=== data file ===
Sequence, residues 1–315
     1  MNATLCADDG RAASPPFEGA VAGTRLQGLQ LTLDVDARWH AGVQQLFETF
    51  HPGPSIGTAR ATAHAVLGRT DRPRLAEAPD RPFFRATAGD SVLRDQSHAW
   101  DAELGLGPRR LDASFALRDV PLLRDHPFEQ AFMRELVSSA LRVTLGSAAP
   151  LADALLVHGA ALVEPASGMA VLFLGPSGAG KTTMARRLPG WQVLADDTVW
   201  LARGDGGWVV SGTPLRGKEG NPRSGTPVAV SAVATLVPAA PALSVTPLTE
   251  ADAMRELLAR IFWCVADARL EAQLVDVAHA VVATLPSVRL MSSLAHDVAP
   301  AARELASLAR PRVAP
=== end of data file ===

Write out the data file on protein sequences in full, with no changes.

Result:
Sequence, residues 1–315
     1  MNATLCADDG RAASPPFEGA VAGTRLQGLQ LTLDVDARWH AGVQQLFETF
    51  HPGPSIGTAR ATAHAVLGRT DRPRLAEAPD RPFFRATAGD SVLRDQSHAW
   101  DAELGLGPRR LDASFALRDV PLLRDHPFEQ AFMRELVSSA LRVTLGSAAP
   151  LADALLVHGA ALVEPASGMA VLFLGPSGAG KTTMARRLPG WQVLADDTVW
   201  LARGDGGWVV SGTPLRGKEG NPRSGTPVAV SAVATLVPAA PALSVTPLTE
   251  ADAMRELLAR IFWCVADARL EAQLVDVAHA VVATLPSVRL MSSLAHDVAP
   301  AARELASLAR PRVAP